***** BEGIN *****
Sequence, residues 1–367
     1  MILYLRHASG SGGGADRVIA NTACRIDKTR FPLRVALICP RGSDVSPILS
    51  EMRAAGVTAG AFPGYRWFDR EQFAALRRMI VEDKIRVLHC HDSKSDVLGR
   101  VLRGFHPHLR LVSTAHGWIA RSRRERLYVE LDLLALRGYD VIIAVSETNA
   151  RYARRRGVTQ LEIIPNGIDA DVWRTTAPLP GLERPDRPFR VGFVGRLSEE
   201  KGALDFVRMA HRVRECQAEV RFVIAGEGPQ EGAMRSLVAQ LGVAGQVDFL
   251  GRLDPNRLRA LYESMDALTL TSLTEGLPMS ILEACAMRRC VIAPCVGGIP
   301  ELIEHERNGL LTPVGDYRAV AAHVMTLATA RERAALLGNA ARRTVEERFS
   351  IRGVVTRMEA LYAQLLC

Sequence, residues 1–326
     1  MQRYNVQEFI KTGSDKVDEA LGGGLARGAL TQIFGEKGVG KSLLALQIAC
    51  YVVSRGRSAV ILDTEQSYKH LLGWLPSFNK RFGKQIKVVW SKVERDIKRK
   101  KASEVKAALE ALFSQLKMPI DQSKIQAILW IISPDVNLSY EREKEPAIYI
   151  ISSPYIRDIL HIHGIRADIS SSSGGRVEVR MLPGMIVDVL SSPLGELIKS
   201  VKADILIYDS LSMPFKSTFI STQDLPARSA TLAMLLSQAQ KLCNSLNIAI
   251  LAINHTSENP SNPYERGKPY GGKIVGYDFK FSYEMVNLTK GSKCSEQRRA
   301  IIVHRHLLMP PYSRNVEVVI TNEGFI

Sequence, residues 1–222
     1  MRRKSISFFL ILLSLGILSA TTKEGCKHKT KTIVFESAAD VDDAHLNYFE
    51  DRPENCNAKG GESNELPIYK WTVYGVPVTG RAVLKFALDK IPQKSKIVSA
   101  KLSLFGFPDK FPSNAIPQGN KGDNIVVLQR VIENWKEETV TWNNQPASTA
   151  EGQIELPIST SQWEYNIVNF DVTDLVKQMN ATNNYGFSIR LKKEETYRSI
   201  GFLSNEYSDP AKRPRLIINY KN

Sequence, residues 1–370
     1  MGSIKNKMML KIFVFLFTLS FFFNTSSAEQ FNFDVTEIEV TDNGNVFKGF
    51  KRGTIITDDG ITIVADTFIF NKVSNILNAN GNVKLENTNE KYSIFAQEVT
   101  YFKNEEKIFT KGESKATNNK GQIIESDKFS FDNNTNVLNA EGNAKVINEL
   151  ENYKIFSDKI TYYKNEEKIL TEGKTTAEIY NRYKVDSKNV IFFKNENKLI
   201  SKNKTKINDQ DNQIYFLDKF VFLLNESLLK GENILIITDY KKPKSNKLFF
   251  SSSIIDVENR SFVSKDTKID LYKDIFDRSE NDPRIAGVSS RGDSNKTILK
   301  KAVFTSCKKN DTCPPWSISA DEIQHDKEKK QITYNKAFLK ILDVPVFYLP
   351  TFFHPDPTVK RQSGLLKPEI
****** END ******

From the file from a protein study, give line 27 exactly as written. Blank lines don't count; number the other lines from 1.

   101  YFKNEEKIFT KGESKATNNK GQIIESDKFS FDNNTNVLNA EGNAKVINEL